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Irish Offshore Sailors Hurley, O'Leary, Diviney, Doyle, Flahive & Hall Prepare For Tough Middle Sea Race (UPDATED)

19th October 2017
Light winds are expected for the first part of the race but a significant northwesterly is arriving by the third day of the Middle Sea Race Light winds are expected for the first part of the race but a significant northwesterly is arriving by the third day of the Middle Sea Race Credit: Kurt Arrigo

Barry Hurley will compete in his fourteenth Rolex Middle Sea offshore Race in a row tomorrow sailing XpAct, a Maltese Xp44. He is one of a handful of Irish crews competing in the 39th race that forecasters say is going to be a heavy weather affair.

Royal Irish's Hurley will sail with mostly the same crew as the last few years. Hurley is helmsman and Irish connections on onboard XpAct are strengthened with Howth Yacht Club's Shane Diviney on board as a trimmer.

Royal Cork's Nicholas 'Nin' O'Leary will be building up his offshore hours in advance of the 2020 Vendee Globe as part of Alex Thomson's four man crew on Hugo Boss. See O'Leary's Facebook vid below.

Hurley, a former solo transatlantic race winner, told, 'We’re ready for the race, having competed in the coastal race yesterday and finished first in class and third overall. Everything seems to be in full working order and the boat is fully ready after many weeks of preparation. It’s looking like a windier race this year than in recent years so it looks like it will be a bigger challenge for boats and crew than many are used to'.

Now Malta–based Brian Flahive, originally from Wicklow Sailing Club, is sailing double-handed this year on a J122. Flahive is a 2014 RORC Round Britain and Ireland Double-handed Race winner.

A full ISORA entry in the shape of a chartered XP44 X-Prime comes to the line thanks to Welsh skipper Andrew Hall, an Irish Sea regular in his J125, Jackknife.

Conor Doyle and an all Kinsale Yacht Club members crew have chartered a Mills DK46 ‘Hydra to add to the Irish ranks. (Thanks to Finbarr O'Regan via Facebook below)

XpACT Barry Hurley Barry Hurley's XpACT at the light airs Grand Harbour start of yesterday's coastal race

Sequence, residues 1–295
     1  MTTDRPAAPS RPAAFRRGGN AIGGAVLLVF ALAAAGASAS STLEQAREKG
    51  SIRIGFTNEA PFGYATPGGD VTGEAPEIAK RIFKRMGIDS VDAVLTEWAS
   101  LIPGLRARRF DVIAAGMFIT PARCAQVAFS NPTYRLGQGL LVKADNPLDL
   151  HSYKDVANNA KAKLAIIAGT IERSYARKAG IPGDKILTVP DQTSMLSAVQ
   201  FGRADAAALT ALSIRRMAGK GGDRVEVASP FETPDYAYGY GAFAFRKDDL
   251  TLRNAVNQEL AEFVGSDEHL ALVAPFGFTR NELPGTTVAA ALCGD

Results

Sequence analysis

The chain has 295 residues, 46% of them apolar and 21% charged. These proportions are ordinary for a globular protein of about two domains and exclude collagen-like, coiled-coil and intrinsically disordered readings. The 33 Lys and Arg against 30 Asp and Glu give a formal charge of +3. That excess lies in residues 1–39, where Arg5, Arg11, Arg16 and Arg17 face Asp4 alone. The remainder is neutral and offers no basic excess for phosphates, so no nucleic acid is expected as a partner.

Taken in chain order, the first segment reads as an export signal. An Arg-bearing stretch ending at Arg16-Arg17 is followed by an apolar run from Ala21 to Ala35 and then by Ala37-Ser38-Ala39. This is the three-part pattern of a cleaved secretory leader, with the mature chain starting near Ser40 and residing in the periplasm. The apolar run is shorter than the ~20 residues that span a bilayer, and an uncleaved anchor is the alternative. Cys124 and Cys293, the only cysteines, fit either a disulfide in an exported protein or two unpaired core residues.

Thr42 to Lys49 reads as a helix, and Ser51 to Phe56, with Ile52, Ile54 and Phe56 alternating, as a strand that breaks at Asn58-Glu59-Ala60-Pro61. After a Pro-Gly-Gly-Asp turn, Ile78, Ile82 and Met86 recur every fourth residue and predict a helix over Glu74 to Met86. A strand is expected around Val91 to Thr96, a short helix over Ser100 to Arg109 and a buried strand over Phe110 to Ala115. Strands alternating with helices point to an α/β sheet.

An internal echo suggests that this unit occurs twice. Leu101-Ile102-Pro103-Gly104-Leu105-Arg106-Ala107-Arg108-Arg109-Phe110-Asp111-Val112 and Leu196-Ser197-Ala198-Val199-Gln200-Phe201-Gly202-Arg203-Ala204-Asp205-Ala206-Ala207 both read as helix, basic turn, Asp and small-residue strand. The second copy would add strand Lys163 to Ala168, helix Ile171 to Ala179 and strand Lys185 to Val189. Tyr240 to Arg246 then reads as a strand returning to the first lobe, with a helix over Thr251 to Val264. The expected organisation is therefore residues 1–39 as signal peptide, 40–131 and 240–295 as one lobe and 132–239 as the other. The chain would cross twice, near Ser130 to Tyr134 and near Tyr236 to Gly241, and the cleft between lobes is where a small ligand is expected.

After the high level of Irish interest in the race in former years, there is a drop–off of Irish boats and sailors participating this year. As Irish offshore chief Peter Ryan explains 'the interest is there. The logisitical problems and past chartering problems may have put people off'.

The Royal Malta Yacht Club is a hive of activity , as the 110-boat international fleet taking part in the 38th Rolex Middle Sea Race, continue their preparations ahead of the start on Saturday. Light winds are expected for the first part of the race, with a significant northwesterly arriving by the third day.

According to the latest weather forecasts, the start is forecast to have a moderate easterly breeze, which is due to fade on the first night. Light winds should then affect the majority of the fleet throughout Sunday. By dawn on Monday, a fresh Mistral is expected to arrive in the vicinity of Favignana and these strong winds from the northwest are forecast across the race course for around 48 hours.

Fourteen teams from Russia will be taking part this year, including Yuri Fadeev's Reflex 38 Kabestan Intuition, which has only one non-Russian in the crew, Patrice Ernandez from France. “We are out practising today, and especially looking at our downwind trim.” commented Fadeev. “The boat is provisioned, and we are ready to race. It looks like we might have light winds for the first couple of days, then we are expecting a lot more wind, and we are hoping to get past Stromboli before it arrives, or it could turn into a tough beat to round the famous volcano.”

Ross Applebey, skipper of British First 45 Scarlet Sailplane, knows all too well how the weather can change in the Rolex Middle Sea Race. “Racing Scarlet Oyster in 2014, we experienced a full-blown gale, and we snapped our rudder, and retired from the race.” explained Applebey. “I think it is important to reduce sail early if you are expecting bad weather, and make sure everyone has had a good meal before it arrives. In 2014, the skies became very overcast, and a mist descended before the front arrived, so I would say that would be a good sign to look for!”

The northwesterly wind, known as the Mistral or majjistral in Maltese, emanates from the Rhone Valley. After a period of settled weather, there is change afoot in the Alps with snow forecast. The cooler air flow down the mountains will funnel through the valley and out onto the warm waters of the Mediterranean, where the winds will be energized produce high speeds as far south as Malta.

The 38th Rolex Middle Sea Race starts from Grand Harbour, Valletta at 11.00 CEST on Saturday, 21 October.

This article has been updated to mention additional Irish crews at 1100 on Friday, 20th October.

WM Nixon will be giving further coverage to the Irish in the Middle Sea Race in tomorrow's blog here.

Published in Middle Sea Race Team

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